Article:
The mobile radiation discussion is alive and well in the United Kingdom, and just today two London publications came out with reports on the debate.
The Sun enters with a serious tone - Is your mobile phone killing you? - and they conclude (as we tend to agree) that while studies' findings have not made the risks absolutely clear, it is important to openly discuss and take preventative measures.
"Professor Denis Henshaw, of Bristol University, said: “Vast numbers of people are using mobiles and they could be a health timebomb, not just for brain tumours but also infertility.
"We should be openly discussing the evidence but it is not happening.”
The World Health Organisation advise pragmatic ways to reduce exposure to radiation such as using hands-free kits and texting instead of making calls."
The London Evening Standard presents Dr Christian Jessen asking: Are mobile phones bad for our health? The doctor concludes the risks are not worth worrying about:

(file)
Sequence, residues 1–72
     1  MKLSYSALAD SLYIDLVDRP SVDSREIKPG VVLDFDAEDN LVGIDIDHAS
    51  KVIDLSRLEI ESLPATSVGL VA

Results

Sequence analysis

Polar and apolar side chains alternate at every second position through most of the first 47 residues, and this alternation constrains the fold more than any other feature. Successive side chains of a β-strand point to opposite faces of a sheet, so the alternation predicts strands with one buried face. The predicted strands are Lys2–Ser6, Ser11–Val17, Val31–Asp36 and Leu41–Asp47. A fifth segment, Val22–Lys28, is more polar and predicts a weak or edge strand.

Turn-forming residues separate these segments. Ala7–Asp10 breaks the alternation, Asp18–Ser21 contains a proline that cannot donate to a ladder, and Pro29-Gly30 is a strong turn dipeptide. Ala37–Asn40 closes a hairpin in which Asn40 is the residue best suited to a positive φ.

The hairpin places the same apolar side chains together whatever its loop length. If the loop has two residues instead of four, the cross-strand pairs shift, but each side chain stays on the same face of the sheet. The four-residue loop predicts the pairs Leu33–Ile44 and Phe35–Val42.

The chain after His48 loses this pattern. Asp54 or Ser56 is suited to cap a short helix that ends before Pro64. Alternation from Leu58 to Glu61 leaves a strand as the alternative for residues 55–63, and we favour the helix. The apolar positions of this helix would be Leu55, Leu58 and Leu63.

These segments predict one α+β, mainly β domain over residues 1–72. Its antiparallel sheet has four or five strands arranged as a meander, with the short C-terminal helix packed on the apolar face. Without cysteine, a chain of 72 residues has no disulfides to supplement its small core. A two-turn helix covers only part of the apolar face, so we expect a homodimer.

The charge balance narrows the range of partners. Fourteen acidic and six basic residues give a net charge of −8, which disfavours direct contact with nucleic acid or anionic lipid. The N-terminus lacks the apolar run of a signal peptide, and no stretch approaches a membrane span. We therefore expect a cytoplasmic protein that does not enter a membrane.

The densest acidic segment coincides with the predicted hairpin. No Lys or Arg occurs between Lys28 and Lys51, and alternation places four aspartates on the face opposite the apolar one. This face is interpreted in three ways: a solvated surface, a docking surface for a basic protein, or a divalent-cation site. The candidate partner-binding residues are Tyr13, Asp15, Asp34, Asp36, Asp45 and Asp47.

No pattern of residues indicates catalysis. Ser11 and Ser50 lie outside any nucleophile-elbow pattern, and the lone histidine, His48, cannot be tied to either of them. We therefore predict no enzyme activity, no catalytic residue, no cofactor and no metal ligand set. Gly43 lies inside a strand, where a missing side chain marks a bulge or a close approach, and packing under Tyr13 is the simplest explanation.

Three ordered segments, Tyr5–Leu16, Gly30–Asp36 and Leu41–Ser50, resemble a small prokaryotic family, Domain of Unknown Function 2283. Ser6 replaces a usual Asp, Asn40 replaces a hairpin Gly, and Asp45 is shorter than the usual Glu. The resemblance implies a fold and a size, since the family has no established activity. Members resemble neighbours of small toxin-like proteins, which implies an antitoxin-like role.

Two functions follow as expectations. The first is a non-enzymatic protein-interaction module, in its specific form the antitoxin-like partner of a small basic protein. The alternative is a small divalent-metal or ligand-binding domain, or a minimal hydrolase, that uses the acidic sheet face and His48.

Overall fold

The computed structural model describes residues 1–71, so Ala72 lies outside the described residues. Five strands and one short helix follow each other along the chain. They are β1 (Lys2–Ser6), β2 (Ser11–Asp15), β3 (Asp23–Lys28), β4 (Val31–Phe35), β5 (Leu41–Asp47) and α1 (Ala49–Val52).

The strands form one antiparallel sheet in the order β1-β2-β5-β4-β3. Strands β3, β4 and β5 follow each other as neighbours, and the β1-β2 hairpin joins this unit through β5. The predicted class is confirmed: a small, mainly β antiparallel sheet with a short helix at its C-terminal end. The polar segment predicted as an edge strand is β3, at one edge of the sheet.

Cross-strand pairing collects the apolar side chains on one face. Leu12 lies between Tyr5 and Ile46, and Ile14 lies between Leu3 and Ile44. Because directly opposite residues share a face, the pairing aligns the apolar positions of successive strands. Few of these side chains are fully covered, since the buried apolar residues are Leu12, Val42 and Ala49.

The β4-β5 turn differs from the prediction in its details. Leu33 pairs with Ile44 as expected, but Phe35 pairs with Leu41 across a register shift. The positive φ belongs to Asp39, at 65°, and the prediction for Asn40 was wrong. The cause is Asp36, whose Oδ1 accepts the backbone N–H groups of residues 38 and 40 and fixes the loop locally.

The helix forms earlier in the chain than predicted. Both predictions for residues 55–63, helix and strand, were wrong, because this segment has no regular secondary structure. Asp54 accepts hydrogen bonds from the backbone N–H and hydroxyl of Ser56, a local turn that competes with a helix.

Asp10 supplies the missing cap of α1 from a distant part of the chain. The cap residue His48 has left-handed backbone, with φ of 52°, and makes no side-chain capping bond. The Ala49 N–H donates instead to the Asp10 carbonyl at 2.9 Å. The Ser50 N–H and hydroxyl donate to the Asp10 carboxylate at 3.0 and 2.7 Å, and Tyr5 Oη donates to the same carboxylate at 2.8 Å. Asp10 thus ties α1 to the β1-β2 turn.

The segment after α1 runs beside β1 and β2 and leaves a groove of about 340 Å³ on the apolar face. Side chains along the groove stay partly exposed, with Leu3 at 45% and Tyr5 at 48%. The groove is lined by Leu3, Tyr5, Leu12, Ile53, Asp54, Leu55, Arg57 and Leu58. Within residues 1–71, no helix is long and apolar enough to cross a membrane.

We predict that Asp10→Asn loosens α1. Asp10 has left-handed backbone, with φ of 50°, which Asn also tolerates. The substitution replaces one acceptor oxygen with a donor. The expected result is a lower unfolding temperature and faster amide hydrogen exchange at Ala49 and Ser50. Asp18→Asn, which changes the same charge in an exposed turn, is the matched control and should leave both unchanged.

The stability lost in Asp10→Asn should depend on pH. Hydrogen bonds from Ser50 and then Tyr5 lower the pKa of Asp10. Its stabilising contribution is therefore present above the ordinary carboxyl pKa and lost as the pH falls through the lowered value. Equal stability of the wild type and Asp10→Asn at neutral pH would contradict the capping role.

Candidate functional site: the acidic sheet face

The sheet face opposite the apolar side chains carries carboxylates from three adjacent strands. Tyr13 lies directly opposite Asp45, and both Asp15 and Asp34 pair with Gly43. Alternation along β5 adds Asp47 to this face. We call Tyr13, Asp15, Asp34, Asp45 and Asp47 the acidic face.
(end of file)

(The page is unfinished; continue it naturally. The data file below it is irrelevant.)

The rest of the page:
"We have to take an overall view, and the probability of them causing cancer, based on the studies to date, is a very small probability indeed.
Guidelines suggesting children should avoid excessive use of mobiles are purely precautionary, not based on evidence, so should not be interpreted to mean there is a definite danger."
The reports are coming in just a week after London hosted the Childhood Cancer 2012 conference, where mobile radiation researcher and expert Dariusz Leszczynski attended, presented and shared his thoughts. Catch an audio version of his talk or check out his slides covering mobile radiation and cancer risks in children, which he graciously shared as well.
Talk on, UK!